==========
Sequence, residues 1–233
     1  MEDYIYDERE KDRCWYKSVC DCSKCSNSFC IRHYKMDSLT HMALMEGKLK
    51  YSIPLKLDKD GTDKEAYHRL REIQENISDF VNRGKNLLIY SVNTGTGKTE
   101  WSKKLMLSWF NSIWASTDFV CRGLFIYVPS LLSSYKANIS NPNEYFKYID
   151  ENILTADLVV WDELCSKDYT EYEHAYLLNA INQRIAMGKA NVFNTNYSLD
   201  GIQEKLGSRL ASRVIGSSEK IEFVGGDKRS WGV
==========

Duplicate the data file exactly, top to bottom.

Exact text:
Sequence, residues 1–233
     1  MEDYIYDERE KDRCWYKSVC DCSKCSNSFC IRHYKMDSLT HMALMEGKLK
    51  YSIPLKLDKD GTDKEAYHRL REIQENISDF VNRGKNLLIY SVNTGTGKTE
   101  WSKKLMLSWF NSIWASTDFV CRGLFIYVPS LLSSYKANIS NPNEYFKYID
   151  ENILTADLVV WDELCSKDYT EYEHAYLLNA INQRIAMGKA NVFNTNYSLD
   201  GIQEKLGSRL ASRVIGSSEK IEFVGGDKRS WGV